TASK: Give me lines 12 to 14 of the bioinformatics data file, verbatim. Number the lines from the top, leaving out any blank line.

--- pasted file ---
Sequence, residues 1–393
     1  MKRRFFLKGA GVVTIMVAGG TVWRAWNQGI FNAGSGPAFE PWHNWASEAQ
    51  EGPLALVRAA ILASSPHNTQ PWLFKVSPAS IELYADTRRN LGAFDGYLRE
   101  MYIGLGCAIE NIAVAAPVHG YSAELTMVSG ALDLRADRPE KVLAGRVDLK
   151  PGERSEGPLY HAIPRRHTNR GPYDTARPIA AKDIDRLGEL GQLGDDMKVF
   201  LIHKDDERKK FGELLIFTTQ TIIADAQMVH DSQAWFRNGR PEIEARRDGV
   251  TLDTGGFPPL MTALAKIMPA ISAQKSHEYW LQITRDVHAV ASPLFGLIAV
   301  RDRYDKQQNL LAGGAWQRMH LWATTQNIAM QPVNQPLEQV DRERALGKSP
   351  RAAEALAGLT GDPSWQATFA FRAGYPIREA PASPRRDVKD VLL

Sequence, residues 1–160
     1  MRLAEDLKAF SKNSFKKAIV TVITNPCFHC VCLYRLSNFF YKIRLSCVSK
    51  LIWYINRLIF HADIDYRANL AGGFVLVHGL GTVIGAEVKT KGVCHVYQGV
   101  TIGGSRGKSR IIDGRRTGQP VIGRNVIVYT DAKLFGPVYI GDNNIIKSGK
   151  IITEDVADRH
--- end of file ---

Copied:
    51  LIWYINRLIF HADIDYRANL AGGFVLVHGL GTVIGAEVKT KGVCHVYQGV
   101  TIGGSRGKSR IIDGRRTGQP VIGRNVIVYT DAKLFGPVYI GDNNIIKSGK
   151  IITEDVADRH